Michelle Zhiqing Yang / Sun Staff Photographer

Two students hold hands in Intro to Swing Dance.

November 3, 2019

Students Across the Ivy League Seek Ways to Stay Active

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Running across the Arts Quad from spinning class to sociology lecture might not always lend the best body odor, and fitting physical education classes into a jam-packed schedule can be challenging. However, Cornell students are not alone in their quest to fulfill the two-course P.E. requirement.

Some other schools in the Ivy League require the same of their students, while others offer a range of group fitness classes students can participate in at will.

“Sometimes it’s not ideal, but honestly, it’s nice to have a break,” said Revathi Athavale ’23, a student in Beginning Tae Kwon Do who appreciates Cornell’s course requirements.

Similar to Cornell, Columbia and Dartmouth require their students to earn P.E. credit. Dartmouth also requires students to pass a swim test in order to graduate, according to their respective websites.

Cornell, the first college in the country to institute the two-lap test, has had all undergraduates jumping into pools since 1905.

At Dartmouth, roughly half of all students work towards the P.E. requirement by participating in sports on the varsity or club levels, according to Joann Brislin, Dartmouth’s Senior Associate Athletic Director for Physical Education and Recreation.

According to The Washington Post, 21% of Dartmouth’s undergraduates are also varsity athletes, as opposed to Cornell’s 8%. Cornell athletics does offer P.E. credit to students registered with Cornell Athletics.

Brislin added that skiing and snowboarding courses are the most popular among Dartmouth students, whose New Hampshire campus is located just a short drive from several hills.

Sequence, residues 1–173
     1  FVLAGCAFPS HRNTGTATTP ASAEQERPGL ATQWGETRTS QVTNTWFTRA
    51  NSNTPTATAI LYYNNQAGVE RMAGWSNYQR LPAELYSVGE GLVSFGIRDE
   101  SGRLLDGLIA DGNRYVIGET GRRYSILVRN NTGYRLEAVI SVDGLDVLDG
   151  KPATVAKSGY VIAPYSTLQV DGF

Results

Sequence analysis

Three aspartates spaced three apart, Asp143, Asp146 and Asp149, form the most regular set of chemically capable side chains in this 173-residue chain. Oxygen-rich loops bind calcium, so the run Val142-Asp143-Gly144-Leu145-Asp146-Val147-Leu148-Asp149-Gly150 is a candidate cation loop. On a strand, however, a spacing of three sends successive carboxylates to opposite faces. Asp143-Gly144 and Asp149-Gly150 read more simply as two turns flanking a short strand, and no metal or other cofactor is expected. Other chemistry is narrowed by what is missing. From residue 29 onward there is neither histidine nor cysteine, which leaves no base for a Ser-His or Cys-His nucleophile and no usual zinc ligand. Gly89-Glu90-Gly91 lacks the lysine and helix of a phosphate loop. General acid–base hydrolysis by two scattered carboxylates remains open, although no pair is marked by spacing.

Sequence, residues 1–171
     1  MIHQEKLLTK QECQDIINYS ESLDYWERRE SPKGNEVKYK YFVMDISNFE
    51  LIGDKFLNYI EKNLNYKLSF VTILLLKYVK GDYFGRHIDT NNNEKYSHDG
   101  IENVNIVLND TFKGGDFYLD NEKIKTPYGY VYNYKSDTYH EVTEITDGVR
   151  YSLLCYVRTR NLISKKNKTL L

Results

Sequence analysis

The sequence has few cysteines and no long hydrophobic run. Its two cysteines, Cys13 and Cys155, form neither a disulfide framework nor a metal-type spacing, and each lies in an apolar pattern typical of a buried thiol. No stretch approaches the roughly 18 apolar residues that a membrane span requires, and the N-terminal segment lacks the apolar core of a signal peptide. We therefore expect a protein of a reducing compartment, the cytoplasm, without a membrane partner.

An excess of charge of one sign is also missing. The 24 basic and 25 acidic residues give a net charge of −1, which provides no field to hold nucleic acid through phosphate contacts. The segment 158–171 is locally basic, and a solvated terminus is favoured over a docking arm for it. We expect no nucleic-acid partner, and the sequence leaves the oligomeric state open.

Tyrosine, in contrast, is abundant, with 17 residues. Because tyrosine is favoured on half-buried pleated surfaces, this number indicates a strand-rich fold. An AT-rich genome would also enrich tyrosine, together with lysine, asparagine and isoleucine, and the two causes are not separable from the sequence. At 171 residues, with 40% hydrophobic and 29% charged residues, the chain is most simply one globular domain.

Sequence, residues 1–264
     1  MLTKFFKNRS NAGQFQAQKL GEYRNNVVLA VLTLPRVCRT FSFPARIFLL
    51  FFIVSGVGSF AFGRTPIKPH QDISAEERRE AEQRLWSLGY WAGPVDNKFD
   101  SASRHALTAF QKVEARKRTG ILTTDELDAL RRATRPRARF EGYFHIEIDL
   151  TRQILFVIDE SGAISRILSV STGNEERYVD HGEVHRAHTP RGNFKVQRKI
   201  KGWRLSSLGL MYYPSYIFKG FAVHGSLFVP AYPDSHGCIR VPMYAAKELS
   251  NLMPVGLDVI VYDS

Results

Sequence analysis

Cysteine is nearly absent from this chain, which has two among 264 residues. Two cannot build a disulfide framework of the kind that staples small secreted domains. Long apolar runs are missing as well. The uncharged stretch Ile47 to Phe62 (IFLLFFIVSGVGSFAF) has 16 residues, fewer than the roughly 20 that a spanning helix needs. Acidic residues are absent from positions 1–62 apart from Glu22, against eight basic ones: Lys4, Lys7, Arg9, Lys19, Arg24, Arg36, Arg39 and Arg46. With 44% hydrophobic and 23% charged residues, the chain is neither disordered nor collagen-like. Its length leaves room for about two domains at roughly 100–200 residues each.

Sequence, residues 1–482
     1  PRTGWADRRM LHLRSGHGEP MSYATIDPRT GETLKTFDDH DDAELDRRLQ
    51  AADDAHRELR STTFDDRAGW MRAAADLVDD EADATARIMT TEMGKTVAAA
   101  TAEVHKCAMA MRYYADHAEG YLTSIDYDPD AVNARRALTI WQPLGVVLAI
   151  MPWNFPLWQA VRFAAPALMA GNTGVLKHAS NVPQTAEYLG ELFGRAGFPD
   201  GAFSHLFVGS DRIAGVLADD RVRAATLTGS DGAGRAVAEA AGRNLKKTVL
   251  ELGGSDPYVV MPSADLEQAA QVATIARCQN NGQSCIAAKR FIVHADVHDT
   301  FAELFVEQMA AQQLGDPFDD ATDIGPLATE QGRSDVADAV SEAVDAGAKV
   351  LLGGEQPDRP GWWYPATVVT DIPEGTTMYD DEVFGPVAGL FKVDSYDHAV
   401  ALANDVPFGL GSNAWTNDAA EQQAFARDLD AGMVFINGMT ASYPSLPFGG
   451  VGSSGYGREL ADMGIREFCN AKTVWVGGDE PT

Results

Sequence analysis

This semester, Dartmouth’s offerings include T’ai Chi Chuan and Fly Fishing.

The remaining five Ivy League universities do not have P.E. requirements, although they do have their own roster of fitness classes.

At the University of Pennsylvania, spinning classes attract the highest number of participants, with total attendance reaching over 4,500 in the spring of 2019, according to Chloe Cole, Penn Campus Recreation’s Assistant Director of Fitness and Wellness. At Brown, spin and BODYPUMP group fitness courses are also well-attended, according to Kelly Sorge, Brown Recreation’s Fitness and Wellness Coordinator.

Staff at Columbia, Harvard and Princeton all similarly noted yoga classes as among the most popular group exercise options, according to the directors of physical education at those universities. Princeton offers ten yoga classes each week at no cost to students.

Yale also provides group exercise opportunities in Hatha Yoga, Kundalini Yoga, Shotokan Karate, and two levels of Argentine Tango.

Recreation departments across the Ivy League also work to engage students through a variety of events, such as Princeton’s Planksgiving Challenge and Columbia’s Table Tennis Tournament, both on the docket for November.

Regardless of whether or not such exercise is required, students across the Ivy League take advantage of opportunities to stay active on campus.